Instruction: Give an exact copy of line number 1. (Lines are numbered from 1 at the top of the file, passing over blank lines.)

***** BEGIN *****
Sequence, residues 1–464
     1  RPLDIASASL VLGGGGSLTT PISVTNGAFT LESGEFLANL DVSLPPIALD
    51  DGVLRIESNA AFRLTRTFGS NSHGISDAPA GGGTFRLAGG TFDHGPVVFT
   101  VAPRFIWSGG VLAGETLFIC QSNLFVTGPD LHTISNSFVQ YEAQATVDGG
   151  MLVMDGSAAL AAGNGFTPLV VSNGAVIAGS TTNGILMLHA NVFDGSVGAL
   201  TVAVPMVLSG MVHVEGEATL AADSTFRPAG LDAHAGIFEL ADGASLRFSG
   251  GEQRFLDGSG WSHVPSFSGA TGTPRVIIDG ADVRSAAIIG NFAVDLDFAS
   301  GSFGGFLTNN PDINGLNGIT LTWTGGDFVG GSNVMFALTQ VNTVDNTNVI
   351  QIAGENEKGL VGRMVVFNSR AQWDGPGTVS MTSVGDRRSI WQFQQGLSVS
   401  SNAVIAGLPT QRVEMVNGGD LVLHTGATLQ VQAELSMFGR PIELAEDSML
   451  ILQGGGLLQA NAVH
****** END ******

Sequence, residues 1–464